A familiar bird of the tropic seashore, known in Antigua and Barbuda as ‘Booby’. Of graceful flight, they may be seen skimming within inches of the water in single file. They may also be observed diving from a height of a 60 - 70 feet. Air sacs under the skin, cushion the impact of steep dives, and bring then up like a cork, always facing the wind, ready for take-off. The large bills act as scoop-nets.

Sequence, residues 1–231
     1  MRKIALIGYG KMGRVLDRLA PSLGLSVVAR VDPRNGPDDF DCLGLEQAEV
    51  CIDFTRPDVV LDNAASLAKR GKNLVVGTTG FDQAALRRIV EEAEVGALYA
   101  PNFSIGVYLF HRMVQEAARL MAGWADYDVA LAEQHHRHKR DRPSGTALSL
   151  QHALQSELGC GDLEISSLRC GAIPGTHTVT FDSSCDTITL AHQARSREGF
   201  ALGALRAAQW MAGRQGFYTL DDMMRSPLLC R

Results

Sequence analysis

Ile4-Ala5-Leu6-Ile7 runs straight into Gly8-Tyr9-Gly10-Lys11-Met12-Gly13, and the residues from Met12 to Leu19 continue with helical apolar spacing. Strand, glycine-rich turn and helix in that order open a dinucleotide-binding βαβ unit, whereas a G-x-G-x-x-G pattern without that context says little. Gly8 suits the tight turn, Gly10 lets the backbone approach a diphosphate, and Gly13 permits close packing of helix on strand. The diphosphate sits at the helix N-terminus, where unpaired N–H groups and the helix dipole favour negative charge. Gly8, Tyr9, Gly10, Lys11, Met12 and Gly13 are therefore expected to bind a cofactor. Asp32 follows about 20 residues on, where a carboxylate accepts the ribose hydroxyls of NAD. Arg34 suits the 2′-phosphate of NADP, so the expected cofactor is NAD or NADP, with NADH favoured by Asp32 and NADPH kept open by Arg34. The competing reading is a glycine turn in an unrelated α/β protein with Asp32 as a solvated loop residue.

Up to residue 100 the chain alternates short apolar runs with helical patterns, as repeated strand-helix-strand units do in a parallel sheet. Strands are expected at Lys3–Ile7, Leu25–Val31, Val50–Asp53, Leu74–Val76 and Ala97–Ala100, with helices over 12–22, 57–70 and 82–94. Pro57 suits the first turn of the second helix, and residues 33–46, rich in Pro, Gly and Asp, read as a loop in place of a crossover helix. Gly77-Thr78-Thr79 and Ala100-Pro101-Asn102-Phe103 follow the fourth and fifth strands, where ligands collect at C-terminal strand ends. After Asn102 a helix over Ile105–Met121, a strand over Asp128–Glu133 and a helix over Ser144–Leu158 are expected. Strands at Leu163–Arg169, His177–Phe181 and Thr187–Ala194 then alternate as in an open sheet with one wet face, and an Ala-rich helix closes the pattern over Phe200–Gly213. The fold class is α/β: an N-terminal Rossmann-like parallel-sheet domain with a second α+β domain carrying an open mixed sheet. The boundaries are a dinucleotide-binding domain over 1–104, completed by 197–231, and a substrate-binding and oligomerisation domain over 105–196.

Pelicans appear to be on the decline, because of such hard pesticides as DDT and dieldrin found in the marine food chain. This causes the eggshell to be thin, and the eggs break in the nest.
Nests are built on top of mangroves or on the ground. The eggs are chalky white, but they soon become soiled with guano. Pelicans fly at 26 mph and they are voiceless.
The pelican has been adopted as the crest of the University of the West Indies.
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Special thanks to the late Desmond Nicholson of the Museum of Antigua & Barbuda and Peter Duce for making this section of Antigua Nice Ltd possible!